Peter Calthorpe

I attended SFU City Program’s public lecture Thursday March 09 titled “Looking Out to 2031 in Greater Vancouver: Accommodating the next one million residents”.

The feature speaker was Peter Calthorpe, much celebrated urban planner. As introduction, here is an excerpt from an interview of Calthorpe by Scott London, snipped from http://www.scottlondon.com/interviews/calthorpe.html

As one of the leading proponents of New Urbanism or Neotraditionalism, Calthorpe has formulated a comprehensive design and planning philosophy aimed not only at curbing urban sprawl and reducing traffic congestion, but also creating more pedestrian-friendly and ecologically sound communities, environments that that promote a sense of connectedness and place. He is the author of Sustainable Communities, The Next American Metropolis, and most recently, The Regional City: Planning for the End of Sprawl (co-authored with William Fulton).

Scott London: In a nutshell, how would you describe good urban design?

Peter Calthorpe: My short and simple answer is that a well-designed city is walkable. It’s a place where your destinations are close enough to walk to and where you feel safe enough to walk. And it’s a place that is interesting enough socially to make you feel that walking is perhaps something more than just getting from point A to point B. I think that is the heart of it.

London: Is it possible to design walkable communities in an age of freeways and strip malls?

Calthorpe: Well, the idea that we can return to mom-and-pop grocery stores is fallacious. But I think we have to find our way back to some of the design principles of the traditional American city. The idea is to create a hybrid between the realities of today and the need for a return to human-scale community.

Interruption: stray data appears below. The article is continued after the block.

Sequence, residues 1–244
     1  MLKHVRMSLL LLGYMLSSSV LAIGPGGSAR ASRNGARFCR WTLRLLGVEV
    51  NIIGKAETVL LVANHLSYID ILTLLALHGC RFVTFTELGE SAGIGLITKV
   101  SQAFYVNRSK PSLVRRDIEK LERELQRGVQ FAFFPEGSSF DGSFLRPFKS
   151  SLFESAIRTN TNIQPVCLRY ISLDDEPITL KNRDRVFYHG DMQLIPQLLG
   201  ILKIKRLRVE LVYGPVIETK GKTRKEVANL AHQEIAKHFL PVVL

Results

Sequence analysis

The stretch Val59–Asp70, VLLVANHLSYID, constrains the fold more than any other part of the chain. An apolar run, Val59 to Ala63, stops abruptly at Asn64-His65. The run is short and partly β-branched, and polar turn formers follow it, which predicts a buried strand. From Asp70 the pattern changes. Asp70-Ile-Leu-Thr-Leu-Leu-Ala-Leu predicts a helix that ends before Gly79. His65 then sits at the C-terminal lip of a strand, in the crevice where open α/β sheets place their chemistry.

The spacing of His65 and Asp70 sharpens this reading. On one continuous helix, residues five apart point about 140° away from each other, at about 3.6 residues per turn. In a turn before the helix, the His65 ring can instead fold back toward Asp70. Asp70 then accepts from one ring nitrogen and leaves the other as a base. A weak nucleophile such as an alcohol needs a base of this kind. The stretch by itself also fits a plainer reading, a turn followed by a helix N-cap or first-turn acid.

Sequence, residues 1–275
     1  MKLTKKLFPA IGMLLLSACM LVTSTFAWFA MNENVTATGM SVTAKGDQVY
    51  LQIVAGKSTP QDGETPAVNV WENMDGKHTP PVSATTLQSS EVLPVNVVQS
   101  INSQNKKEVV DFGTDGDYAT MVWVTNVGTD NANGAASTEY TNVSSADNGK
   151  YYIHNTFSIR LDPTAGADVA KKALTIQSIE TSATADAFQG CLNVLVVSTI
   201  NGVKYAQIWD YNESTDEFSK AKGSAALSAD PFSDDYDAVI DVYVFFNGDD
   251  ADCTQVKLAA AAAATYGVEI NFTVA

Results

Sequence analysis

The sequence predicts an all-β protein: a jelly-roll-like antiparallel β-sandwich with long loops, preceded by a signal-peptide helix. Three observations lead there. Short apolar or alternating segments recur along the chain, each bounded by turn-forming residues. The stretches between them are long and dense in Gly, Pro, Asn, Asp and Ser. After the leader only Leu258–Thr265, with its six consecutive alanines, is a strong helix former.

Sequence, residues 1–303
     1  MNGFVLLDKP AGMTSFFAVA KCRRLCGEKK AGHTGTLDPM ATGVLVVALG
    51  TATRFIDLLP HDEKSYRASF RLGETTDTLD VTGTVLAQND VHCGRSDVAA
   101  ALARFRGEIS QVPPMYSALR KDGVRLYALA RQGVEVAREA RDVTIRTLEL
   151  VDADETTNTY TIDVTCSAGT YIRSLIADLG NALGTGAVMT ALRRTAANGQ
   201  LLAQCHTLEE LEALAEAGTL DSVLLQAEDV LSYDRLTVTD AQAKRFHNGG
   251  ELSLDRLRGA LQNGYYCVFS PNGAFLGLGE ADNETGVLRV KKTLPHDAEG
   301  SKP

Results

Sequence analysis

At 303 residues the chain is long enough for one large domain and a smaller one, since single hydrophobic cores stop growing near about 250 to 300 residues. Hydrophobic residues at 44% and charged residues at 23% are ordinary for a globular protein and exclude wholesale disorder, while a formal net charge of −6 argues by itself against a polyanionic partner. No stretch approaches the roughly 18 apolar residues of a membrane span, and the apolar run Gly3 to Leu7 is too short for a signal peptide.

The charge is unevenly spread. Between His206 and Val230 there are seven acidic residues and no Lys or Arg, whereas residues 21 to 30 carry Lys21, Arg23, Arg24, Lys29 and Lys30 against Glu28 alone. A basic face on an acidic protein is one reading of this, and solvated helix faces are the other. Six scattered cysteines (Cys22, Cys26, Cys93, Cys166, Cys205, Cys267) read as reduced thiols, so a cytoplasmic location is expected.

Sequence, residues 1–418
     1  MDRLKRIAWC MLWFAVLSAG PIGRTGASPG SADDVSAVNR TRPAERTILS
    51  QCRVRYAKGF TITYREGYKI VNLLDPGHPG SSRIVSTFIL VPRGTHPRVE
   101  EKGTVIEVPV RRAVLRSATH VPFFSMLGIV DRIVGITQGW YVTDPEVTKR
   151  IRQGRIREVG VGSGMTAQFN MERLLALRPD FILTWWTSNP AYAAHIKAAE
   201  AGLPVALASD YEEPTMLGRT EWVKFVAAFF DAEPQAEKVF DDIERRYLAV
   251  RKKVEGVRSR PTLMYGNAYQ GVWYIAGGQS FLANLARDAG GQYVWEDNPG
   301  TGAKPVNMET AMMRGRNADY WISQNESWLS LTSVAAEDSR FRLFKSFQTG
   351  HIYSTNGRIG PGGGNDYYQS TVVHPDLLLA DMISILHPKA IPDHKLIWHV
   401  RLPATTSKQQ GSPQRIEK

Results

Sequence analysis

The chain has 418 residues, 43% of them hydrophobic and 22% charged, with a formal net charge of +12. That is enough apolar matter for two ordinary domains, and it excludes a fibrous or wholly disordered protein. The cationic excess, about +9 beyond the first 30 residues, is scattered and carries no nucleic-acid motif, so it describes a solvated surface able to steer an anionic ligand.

These are a few notes I managed to catch during his lecture at the Hyatt last Thursday.

It’s challenging to get people to think long term. This generation seems to be different – less interested in future generations, just living in the present.

Is people’s investment in the future in decline?

The ethos of the WWI and WWII generations was of making things better for the next generation. This seems to be eroding.

We should be planning 50 years out.

The PRINCIPLES of urban planning:
• diversity and balance

• human and pedestrian scale

• conservation and restoration

• connections and interdependence

These principles need concrete implementation strategies.

For diversity, the more inclusive the better. Fully integrate low income housing with housing for higher incomes.

For pedestrian scale, short blocks encourage pedestrians. Oceans of parking is what results from large blocks (long distances between intersections) since it creates a reliance on the automobile to get around.

Examples of regions that at first weren’t open to new methods of accommodating growth found themselves embracing change as a result of an open and engaging PUBLIC PROCESS.

Make people designers.
• allow people to engage

* let them be the problem solvers